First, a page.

Before the recession, John Blazevich had a dream of turning his Contessa Premium Foods Inc. products into the “green cuisine” of frozen foods, both in their quality and how they were made.
So the private San Pedro company built a $40 million, first-of-its-kind “green” manufacturing plant in Commerce that opened in early 2008 to some fanfare, including from national network news shows. His timing couldn’t have been worse
The recession stopped the company’s projected high-growth trajectory in its tracks, and Contessa filed for Chapter 11 reorganization last month so it could unload debt associated with the facility. Blazevich now faces selling and then leasing back the plant at an April auction. And he’s considering partnerships to save the business he founded in 1984.
“This is a very special plant – if all food manufacturing facilities were built and run like this one, we wouldn’t have all these food recalls, I can tell you that,” said a rueful Blazevich during a tour last week.
Contessa specializes in specialty seafood, gourmet stir-fry vegetables and convenience meals sold in supermarkets, club stores and other venues, under its own name and private labels. It also has an institutional line aimed at restaurants and food service businesses. The company’s marketing trumpets its ban on high-fructose corn syrup, moderate use of salt and emphasis on fresh-frozen ingredients.
The private company, which employs 150 people, has annual revenue of more than $200 million. The company’s bankruptcy filing said Contessa has more than 200 creditors and debts of more than $50 million. Claims made by unsecured creditors so far total $1.4 million.
The Contessa plant was the first time the U.S. Green Building Council awarded LEED certification to a frozen-food manufacturing facility, setting a new industry standard. The LEED rating system considers water and energy-efficiency, the use of recyclable or sustainably produced materials and other elements
The plant’s conference room, for example, is appointed with what looks to be mahogany materials, but which are in fact recycled composite woods. Thin solar energy membranes covers the roof, and heat generated by its refrigerating systems is recycled. Trucks delivering food for processing are attached to the plant with an airlock so refrigerated air doesn’t escape.
Public good will?
The 110,000-square-foot building is about three times the size of Contessa’s older facilities in Vernon. Blazevich said making the plant green at most only added $5 million to its cost, which can be made up over time from lower utility and maintenance expenses. Still, that amounts to about a 15 percent premium on traditional construction.
Blazevich bet that investing in a significantly larger, LEED-certified facility also would pay off in manufacturing efficiencies, as well as increased sales by eco-conscious consumers.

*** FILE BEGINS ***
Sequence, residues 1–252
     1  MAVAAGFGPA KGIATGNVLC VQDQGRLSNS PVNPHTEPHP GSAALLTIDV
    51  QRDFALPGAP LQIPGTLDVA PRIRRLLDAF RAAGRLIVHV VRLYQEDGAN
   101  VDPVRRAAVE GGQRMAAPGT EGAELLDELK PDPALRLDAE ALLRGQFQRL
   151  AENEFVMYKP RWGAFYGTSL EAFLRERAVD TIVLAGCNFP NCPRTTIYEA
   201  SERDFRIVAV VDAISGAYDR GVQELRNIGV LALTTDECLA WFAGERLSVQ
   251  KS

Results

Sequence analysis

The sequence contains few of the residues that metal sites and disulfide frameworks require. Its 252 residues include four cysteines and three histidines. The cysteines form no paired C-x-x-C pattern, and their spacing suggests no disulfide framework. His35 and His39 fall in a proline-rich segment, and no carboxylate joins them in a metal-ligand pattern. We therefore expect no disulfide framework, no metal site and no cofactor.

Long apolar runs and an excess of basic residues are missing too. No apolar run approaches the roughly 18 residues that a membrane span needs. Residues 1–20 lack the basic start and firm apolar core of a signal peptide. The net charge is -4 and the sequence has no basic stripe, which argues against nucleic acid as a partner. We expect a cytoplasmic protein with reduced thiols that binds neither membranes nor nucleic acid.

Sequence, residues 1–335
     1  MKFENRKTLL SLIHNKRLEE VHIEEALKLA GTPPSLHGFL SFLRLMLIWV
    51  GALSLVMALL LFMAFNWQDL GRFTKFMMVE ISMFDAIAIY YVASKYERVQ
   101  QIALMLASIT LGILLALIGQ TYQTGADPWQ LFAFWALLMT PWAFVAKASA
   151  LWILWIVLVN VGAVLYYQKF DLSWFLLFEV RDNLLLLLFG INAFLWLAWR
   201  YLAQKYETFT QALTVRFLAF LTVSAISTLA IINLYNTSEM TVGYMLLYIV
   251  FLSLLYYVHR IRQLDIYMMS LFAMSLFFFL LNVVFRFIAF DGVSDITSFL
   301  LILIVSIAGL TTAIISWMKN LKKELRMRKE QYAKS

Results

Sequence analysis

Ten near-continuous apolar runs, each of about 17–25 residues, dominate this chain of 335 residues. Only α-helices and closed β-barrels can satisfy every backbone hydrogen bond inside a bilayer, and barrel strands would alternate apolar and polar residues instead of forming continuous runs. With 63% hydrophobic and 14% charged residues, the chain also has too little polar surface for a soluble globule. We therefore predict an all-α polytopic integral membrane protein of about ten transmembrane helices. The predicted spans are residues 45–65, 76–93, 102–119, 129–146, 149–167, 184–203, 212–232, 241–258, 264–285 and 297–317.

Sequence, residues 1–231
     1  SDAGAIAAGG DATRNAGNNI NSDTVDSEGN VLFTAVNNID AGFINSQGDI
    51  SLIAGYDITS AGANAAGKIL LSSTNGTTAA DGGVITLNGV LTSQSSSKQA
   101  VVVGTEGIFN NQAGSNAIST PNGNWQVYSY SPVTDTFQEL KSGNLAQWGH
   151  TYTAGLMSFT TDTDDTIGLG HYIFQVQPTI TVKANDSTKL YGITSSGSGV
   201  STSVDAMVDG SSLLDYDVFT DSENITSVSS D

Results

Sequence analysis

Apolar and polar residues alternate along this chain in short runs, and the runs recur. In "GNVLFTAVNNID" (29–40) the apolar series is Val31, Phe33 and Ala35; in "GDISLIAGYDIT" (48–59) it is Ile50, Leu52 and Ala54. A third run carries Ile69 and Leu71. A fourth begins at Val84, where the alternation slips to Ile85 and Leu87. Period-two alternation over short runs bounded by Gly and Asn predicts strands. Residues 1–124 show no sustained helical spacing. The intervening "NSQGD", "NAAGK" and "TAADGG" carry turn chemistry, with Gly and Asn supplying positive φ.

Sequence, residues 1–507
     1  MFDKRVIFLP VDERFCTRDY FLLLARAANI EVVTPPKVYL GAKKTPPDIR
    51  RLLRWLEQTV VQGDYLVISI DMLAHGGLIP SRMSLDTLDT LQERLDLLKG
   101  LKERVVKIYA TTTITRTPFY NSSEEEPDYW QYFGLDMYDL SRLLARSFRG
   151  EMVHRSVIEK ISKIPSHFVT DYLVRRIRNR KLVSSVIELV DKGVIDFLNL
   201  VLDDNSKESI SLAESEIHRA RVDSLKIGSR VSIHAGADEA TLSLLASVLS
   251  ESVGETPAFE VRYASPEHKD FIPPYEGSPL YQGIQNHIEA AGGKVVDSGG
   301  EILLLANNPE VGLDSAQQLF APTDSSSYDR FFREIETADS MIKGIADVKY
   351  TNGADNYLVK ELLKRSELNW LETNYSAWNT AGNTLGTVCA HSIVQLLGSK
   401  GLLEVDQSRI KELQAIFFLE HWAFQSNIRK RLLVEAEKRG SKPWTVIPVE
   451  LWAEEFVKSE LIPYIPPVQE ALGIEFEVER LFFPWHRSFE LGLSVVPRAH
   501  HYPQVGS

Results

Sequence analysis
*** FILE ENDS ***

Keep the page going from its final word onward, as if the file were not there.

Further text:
“It’s really the size of the building that ended up being the problem,” he said. “The recession and the cost-cutting by competitors really tripped us up. We thought we’d be able to grow into the plant sooner.”
Blazevich said he immersed himself in green building technologies several years ago after discovering his family’s new home wasn’t as energy-efficient as promised. After retrofitting the home, he realized much of what he had learned could be applied to the new plant, already in planning.
“John’s definitely a disciple,” said Dan Halford, Contessa’s longtime vice president of operations and the new plant’s manager. “And it was really a challenge to do this. It was hard finding contractors and suppliers who understood and could do what we wanted for a manufacturing plant.”
In fact, what Contessa was proposing was so cutting-edge for an industrial facility that the organizations that typically certify green buildings, such as the Green Building Council, were still formalizing standards for such buildings.
“The LEED label exploded during the biggest real estate bubble in history, but it was designed to be used for office and academic trophy buildings,” said New York attorney Stephen Del Percio, who publishes the Green Real Estate Law Journal and participates on teams that evaluate LEED candidates, though not Contessa’s.
Del Percio said it’s unclear how much of a premium Contessa will be able obtain for its facility in a bankruptcy auction.
“Whether it’s LEED certified isn’t going to trump whether it’s a well-situated, well-functioning facility,” he said.
Contessa isn’t the only local prepared-food producer to feel the effect of cost-conscious corporate clients and consumers. Vernon-based frozen-food producer Overhill Farms Inc., a public company that has annual revenue of close to $200 million, recently reported a nearly 16 percent drop in quarterly revenue as it continued to see smaller orders from major customers such as H.J. Heinz Co. and Safeway.